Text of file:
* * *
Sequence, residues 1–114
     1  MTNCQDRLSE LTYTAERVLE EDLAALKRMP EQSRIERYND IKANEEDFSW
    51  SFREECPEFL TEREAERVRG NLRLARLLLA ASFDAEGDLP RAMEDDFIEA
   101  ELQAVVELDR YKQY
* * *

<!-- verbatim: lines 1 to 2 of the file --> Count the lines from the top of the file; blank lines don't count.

Sequence, residues 1–114
     1  MTNCQDRLSE LTYTAERVLE EDLAALKRMP EQSRIERYND IKANEEDFSW